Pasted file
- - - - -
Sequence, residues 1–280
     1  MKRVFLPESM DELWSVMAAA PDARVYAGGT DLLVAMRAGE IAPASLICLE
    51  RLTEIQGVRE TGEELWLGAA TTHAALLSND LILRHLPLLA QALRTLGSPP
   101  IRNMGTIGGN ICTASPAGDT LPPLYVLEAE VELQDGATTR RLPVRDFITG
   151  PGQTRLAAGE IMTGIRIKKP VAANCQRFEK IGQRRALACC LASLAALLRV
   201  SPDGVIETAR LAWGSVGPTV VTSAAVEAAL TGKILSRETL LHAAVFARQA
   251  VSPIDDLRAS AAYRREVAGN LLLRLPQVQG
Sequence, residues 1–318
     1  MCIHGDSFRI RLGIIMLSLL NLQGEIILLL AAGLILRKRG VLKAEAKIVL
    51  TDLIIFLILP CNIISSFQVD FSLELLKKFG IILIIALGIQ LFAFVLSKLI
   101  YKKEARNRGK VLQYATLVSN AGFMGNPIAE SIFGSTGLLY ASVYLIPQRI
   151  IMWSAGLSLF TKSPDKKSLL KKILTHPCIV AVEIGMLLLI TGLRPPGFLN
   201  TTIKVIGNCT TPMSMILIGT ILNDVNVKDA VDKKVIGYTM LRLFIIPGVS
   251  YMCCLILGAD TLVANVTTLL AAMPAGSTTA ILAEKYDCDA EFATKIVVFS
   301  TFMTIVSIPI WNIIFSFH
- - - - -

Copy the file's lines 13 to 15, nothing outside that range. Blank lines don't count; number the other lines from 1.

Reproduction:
   201  TTIKVIGNCT TPMSMILIGT ILNDVNVKDA VDKKVIGYTM LRLFIIPGVS
   251  YMCCLILGAD TLVANVTTLL AAMPAGSTTA ILAEKYDCDA EFATKIVVFS
   301  TFMTIVSIPI WNIIFSFH